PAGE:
Raising Money, is paramount. Governor Hogan has at least 9 million dollars in cash on hand for the general election. Conversely, Jealous is reportedly down to about $100,000. To reverse this trend there are several unity events scheduled to coalesce the losers with the Democratic Gubernatorial Nominee. It includes the arrival of former Vice President Joe Biden this weekend for a fundraiser. Like the primary, I’m expecting to see a number of early supporters for Jealous. Including U.S. Senators Corey Booker (NJ), Sen. Kamala Harris (California), and Sen. Bernie Saunders (VT). They’ve already made their presence known and I expect them to double down on this early bet. Celebrity wise, comedian, Dave Chappelle has appeared and he is likely to convince others to get on the train.

I don’t know how many debates we’re likely to see but it should be spirited. I can tell you having only two people on a stage will allow questioners to drill down on issues you can’t get with a large field.  As a fly on the wall, I'd love to hear both candidates working on their one liners and sharpen their attack.


Wednesday, May 30, 2018

What Maryland Democratic Gubernatorial Candidates Aren’t Talking About?

(Arlington, VA) – “Your Voice, Your Future,” was theme for the second Maryland Democratic Gubernatorial Debate. Held at the WJLA Channel 7/ News Channel 8, the Sinclair Broadcasting Groups, location in the Rosslyn section of Arlington (Wait, this debate for the Governor of Maryland is being held in Virginia?).

Unlike the previous debate which I personally participated in, this included Ralph Jaffe, a perennial candidate. Kia Jackson. the moderator, held a close grip on time with this large group. The candidates had a one minute opening statement but not a closing statement. A new twist was a 30 second rebuttal.  

Before I get into the quotes and arguments it is clear the televised the debates have focused a majority of time on Baltimore/Baltimore County issues. Left by the wayside are the varied pressing issues in Western Maryland and the Eastern Shore. Democrats have abandoned the party because of this and a number of them are supporting the Republican Governor (it’s borne out in polls).

Now for the lines and the attacks:

·         Once again Governor Larry Hogan is main focus of all the candidates.
  • Racial tensions were the line of questioning from two of the panelist. How to solve this problem was varied. Memorable lines came from state Sen. Richard Madaleno, “hurt people, hurt.” Jim Shea, “we’ve allowed the extremes on both sides to take over conversations.” Alec Ross, “Before the justice system failed, the education system failed.”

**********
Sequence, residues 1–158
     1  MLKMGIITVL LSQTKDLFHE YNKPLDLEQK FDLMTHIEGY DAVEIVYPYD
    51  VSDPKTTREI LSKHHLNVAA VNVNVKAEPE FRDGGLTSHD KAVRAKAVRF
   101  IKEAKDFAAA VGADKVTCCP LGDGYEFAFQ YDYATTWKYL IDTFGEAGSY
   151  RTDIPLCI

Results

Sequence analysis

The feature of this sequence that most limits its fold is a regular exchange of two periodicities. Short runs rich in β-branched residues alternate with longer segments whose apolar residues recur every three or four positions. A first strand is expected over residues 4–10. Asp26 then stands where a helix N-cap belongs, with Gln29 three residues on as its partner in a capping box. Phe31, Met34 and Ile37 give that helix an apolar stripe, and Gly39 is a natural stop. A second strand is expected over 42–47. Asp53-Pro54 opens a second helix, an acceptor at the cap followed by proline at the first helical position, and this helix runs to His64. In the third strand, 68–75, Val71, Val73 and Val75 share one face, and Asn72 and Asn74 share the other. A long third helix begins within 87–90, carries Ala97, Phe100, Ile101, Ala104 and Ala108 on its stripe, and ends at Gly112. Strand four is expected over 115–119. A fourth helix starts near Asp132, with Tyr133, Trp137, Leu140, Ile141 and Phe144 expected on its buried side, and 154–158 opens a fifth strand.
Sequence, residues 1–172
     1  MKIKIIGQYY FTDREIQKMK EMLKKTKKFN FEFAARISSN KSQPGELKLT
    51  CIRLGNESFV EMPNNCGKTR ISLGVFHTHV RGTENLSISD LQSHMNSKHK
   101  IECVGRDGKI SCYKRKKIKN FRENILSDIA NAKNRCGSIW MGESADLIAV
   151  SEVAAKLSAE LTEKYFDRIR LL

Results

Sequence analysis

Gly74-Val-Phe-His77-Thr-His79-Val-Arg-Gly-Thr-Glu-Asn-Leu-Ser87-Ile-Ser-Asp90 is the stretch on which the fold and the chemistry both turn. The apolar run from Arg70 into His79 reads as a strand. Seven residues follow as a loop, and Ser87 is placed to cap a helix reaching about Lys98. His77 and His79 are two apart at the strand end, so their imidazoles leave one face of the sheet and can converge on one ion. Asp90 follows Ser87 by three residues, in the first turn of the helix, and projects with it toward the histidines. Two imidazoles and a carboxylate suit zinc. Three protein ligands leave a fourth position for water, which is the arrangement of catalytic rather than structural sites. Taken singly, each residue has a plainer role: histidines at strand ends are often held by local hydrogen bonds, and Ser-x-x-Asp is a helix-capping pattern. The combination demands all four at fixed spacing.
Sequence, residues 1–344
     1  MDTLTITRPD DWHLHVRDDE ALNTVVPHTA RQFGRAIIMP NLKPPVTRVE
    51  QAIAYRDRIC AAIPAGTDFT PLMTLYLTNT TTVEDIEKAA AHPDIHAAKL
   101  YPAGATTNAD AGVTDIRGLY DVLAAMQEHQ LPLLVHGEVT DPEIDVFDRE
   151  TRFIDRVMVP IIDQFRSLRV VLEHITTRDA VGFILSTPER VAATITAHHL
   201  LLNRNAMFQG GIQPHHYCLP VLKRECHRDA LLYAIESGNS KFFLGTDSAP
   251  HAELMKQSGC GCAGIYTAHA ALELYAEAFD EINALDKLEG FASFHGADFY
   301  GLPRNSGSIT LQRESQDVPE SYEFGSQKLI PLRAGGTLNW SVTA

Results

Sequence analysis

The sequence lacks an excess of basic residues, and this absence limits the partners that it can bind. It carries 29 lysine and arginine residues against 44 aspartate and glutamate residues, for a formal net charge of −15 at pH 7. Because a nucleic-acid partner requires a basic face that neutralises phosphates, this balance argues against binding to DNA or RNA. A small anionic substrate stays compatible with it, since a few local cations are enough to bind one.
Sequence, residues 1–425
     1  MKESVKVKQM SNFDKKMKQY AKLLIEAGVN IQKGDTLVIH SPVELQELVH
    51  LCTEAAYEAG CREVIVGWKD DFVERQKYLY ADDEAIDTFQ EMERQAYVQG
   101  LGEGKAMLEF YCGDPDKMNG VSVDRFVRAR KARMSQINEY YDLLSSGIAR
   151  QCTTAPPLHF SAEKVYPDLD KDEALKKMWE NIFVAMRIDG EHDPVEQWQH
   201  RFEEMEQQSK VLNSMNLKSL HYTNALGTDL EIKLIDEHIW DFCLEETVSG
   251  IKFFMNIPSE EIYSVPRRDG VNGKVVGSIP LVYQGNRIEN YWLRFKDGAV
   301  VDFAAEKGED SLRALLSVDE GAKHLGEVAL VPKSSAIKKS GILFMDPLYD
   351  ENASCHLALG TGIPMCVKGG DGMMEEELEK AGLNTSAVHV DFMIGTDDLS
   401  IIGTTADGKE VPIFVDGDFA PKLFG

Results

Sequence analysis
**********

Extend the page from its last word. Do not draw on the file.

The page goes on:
·         The recent flooding in Ellicott City was a subject everyone coalesced around. Rebuilding the historic city was high on all the candidates’ agenda.

·         The attacks against the governor centered on education funding and how Governor Hogan went after jurisdictions lead by Democrats (Baltimore County, Baltimore City, Montgomery, and Prince Georges’ County).

·         A question about how much is spent on educating kids in Baltimore shifted the discussion. Quotes were all over the place. Valeria Erving, “We are not going to spend our way out of this problem.” Ben Jealous on the lack of funding, “Till we fully fund our schools…we will not be able see improvements.” Rushern Baker cut to the real issue, “When they say it’s not about money, it is.”

Here are couple of observations. Valerie Ervin says she has filed suit in Annapolis Circuit Court to get her name on the ballot. She received support from Alec Ross, Richard Jaffe, and a surprised endorsement from Ben Jealous. Ervin has accused Jealous of causing her to lose a job, and stopping Ervin from become a Lt. Governor candidate. 

Was pleasantly surprise to see Ervin looking more gubernatorial (dark rimmed glasses, white blazer, Black blouse and no “Black Girls Rock” button)?

At the time of the debate airing, the Washington Capitals will be playing the Golden Knights of Las Vegas. Pandering to that audience Senator Madaleno said he was a Capitals fan (no one else picked up on the idea).

Now back to this idea the debates have been Baltimore centric. Senator Madaleno, “I’ve tried to answer the questions from a statewide perspective.” “There is a reason for it,” says Baker, “Baltimore is the most important city in the state…no governor has approached Baltimore City the way Governor Hogan has. He acts like it doesn’t exist.”

Connecting to voters is key, some believe if we can solve Baltimore’s problems they will transfer to the state. Jealous suggests, “We have to solve the tough kitchen table issues affecting families.”

The large panels clearly aren’t allowing anyone to distinguish themselves. Those with the financial wherewithal are defining themselves via radio and television ads in the Baltimore metro area. It’s more expensive to do so in the Washington metro area.

Thursday, February 15, 2018

Shifting Politics: DC Suburbs